More than 1 million people have signed a petition demanding the EU ban the Monsanto herbicide which contains glyphosate over fears it causes cancer, campaigners said Thursday.
The petition comes as the European Union is deciding whether to renew the license of the controversial weed killer produced by the U.S. agro-chemicals giant, Roundup, which contains glyphosate.
"In less than five months, more than 1 million EU citizens have joined our call for a glyphosate ban," said David Schwartz, coordinator of the European Citizens Initiative, which is behind the petition. "European citizens aren't fooled by the pesticide industry's lobbying efforts or the faulty science it's peddling," he added.
The group attained the signature threshold to require a formal response from the European Commission — 1 million names from at least seven countries — in record time. The petition is due to be formally submitted next month.
"Our politicians need to hear this message loud and clear," Schwartz added.
The 28-nation EU will formally decide in December whether to extend the license for glyphosate, amid deep divisions over its use.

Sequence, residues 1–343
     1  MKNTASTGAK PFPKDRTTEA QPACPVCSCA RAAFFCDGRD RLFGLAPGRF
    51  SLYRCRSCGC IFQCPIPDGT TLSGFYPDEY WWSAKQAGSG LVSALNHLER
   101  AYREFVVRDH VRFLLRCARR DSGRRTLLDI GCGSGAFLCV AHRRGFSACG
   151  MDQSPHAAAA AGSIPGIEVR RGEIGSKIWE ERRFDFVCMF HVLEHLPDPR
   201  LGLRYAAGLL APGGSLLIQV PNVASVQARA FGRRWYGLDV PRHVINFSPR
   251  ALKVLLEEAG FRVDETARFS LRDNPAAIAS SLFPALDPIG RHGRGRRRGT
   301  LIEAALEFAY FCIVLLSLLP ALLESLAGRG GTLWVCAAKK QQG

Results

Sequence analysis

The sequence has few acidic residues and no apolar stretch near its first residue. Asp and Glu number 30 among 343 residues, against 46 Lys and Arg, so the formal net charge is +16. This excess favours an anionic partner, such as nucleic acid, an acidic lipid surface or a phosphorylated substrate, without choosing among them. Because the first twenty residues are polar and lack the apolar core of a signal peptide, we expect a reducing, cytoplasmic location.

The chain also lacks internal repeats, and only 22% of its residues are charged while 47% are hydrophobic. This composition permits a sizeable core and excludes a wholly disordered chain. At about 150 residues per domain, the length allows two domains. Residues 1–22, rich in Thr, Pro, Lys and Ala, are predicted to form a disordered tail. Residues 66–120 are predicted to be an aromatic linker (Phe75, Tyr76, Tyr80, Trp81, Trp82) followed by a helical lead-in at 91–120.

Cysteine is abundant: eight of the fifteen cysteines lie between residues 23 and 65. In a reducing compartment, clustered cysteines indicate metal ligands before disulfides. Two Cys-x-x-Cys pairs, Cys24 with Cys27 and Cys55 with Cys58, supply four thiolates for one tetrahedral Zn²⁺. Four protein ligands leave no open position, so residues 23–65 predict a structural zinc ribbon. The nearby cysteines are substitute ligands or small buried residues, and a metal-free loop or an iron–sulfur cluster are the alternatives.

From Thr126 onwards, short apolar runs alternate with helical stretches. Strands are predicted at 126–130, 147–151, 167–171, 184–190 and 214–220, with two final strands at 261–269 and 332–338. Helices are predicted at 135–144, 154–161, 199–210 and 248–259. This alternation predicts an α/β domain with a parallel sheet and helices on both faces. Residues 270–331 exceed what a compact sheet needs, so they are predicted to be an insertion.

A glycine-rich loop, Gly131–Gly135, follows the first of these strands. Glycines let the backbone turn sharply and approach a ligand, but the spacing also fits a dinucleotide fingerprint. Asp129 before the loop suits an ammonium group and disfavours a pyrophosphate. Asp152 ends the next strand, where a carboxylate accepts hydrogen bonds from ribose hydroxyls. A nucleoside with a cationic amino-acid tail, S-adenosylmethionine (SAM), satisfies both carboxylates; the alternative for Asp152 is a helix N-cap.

In July 2016, EU member states approved limiting the use of glyphosate during an 18-month extension for further research. In March, the EU's chemical agency said it should not be classed as a carcinogen. The European Food Safety Authority made a similar finding in 2015.
But the findings are challenged by a range of scientists, environmental groups and a number of members of the European Parliament who point to evidence from the World Health Organization that the chemical may cause cancer.
Moreover, many voices have denounced the pressures and even illegal maneuvers that Monsanto allegedly carries out in a bid to counter the idea that its best-selling product is carcinogenic.
The agrochemical giant was accused in a U.S. Federal Court in San Francisco in March of using its own employees to write reports covering up the risk of cancer, on behalf of farmers and others.
The company’s toxicology manager is accused of ghostwriting sections of a scientific report in 2013 under the names of other scientists and another manager was said to have ghostwritten sections of another report from 2000.
Based on these false reports, the U.S. Environmental Protection Agency deemed that Roundup posed no cancer risk. The company has denied that it carried out such activities and says that the allegations are based on “cherry-picking” from one email.